This symposium addresses the ICJ’s representativeness and its appeal in the world, on the occasion of the 50th anniversary of the Court’s decision on the merits of the South West Africa cases.
|Date||30 November 2016|
|Time||14:00 - 18:00|
The ICJ’s 1966 decision on the merits of the South West Africa cases was widely perceived as a plain disaster. It cast the Court into a deep crisis and alienated newly independent states further from the Court. It all but destroyed the wavering trust that they had placed in the principal judicial organ of the United Nations. A judgment of such magnitude warrants renewed attention on the occasion of its fiftieth anniversary. In particular, it invites inquiries into the Court’s representativeness and its appeal in the world. The present symposium reminds of the South West Africa cases and asks about the Court’s past and present capacity to induce trust. More specifically, it explores questions of the Court’s representativeness and of its responsiveness to the aspirations of different parts of the world.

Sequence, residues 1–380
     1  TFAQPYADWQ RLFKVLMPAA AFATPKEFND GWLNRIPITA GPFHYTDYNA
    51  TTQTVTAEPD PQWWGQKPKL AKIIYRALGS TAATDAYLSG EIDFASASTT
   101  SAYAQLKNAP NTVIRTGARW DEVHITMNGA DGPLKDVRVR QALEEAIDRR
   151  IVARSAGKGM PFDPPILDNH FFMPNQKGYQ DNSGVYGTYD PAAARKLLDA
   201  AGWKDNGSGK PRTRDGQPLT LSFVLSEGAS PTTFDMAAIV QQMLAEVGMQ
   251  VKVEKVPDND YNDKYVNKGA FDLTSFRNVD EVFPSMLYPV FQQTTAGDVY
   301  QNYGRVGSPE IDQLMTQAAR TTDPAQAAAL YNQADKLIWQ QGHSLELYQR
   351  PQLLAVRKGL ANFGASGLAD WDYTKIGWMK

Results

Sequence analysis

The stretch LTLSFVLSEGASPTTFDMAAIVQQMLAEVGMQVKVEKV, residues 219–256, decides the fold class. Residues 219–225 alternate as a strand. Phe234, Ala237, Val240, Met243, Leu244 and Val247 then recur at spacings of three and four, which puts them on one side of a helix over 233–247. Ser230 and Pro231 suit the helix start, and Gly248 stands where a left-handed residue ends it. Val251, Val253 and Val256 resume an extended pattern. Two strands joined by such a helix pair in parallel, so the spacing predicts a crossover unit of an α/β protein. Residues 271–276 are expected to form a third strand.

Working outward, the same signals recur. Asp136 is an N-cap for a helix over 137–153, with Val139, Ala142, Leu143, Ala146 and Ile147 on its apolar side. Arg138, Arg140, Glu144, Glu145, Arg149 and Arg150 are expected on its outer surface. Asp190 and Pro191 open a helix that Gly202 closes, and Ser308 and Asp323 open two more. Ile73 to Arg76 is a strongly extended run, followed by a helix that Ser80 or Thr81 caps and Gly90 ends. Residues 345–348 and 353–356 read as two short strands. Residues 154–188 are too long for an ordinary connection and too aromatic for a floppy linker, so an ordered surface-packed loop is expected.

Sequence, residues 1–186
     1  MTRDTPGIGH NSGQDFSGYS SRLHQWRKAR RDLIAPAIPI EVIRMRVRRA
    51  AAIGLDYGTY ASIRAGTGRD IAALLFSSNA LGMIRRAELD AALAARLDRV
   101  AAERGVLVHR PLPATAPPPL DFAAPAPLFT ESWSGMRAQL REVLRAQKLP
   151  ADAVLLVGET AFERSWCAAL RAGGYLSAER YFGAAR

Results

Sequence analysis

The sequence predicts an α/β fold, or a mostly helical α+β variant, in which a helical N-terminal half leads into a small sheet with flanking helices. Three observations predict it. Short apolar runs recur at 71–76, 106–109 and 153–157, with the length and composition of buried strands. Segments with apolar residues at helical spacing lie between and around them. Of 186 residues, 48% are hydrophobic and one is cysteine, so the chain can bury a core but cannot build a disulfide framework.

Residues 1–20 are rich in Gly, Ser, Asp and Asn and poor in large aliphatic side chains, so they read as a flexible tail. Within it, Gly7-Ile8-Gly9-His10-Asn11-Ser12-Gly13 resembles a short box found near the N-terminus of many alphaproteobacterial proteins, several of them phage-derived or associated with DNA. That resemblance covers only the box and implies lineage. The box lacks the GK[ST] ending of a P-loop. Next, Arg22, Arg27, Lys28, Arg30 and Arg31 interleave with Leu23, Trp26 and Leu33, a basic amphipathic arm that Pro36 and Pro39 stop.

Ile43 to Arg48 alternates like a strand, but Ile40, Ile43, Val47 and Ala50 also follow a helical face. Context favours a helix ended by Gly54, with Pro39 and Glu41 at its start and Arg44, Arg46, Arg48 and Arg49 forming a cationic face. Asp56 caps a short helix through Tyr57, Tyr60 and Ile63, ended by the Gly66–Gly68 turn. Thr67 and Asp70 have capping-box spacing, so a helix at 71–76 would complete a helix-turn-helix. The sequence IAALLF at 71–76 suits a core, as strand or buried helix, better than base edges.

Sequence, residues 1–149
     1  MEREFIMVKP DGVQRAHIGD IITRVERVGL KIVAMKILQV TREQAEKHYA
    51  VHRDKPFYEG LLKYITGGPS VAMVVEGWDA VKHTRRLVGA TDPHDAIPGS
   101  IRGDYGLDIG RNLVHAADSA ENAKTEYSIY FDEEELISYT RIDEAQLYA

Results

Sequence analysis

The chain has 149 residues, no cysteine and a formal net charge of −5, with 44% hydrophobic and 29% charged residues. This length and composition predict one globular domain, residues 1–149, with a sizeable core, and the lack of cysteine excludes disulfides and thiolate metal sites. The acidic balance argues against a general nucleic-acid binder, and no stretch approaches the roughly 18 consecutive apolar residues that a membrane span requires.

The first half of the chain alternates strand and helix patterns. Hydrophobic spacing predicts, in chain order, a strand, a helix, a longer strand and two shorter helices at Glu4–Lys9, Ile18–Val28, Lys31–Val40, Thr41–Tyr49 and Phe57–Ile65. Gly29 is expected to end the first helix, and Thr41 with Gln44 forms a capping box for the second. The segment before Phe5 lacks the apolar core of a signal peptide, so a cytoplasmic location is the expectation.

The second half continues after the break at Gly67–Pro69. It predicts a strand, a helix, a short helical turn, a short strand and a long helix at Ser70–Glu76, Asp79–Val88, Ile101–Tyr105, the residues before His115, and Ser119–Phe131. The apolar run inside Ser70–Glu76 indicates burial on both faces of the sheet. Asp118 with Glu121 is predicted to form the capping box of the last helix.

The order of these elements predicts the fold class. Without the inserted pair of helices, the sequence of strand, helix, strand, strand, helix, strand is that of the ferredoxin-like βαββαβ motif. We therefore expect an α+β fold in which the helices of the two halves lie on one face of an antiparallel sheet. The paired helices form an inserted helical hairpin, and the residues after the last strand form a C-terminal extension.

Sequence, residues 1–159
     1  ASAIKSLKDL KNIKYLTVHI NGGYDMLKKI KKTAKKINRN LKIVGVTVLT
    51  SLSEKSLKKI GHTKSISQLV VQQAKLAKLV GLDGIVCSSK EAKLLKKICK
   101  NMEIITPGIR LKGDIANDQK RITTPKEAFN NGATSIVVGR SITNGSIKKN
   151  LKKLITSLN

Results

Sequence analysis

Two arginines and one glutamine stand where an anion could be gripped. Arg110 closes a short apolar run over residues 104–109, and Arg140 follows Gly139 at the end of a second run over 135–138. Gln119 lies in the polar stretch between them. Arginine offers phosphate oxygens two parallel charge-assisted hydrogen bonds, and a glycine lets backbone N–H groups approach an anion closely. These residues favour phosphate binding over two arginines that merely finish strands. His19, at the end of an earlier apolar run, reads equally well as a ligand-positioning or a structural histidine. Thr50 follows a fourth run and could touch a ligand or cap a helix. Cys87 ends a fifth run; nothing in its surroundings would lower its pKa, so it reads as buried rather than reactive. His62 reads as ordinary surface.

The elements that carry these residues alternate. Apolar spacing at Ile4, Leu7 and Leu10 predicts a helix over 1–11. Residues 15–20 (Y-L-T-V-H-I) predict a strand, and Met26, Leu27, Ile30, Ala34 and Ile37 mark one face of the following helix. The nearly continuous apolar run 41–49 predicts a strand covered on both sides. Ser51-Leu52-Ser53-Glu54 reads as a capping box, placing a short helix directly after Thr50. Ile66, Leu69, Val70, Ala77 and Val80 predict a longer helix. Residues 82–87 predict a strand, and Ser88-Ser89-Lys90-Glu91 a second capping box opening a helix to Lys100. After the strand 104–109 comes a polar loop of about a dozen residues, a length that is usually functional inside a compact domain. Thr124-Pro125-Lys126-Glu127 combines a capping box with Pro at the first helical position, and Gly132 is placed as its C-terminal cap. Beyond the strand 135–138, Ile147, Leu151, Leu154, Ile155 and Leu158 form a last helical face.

This event is organized by the T.M.C. Asser Institute in cooperation with the ACIL.
More information is available on the website of the T.M.C. Asser Institute.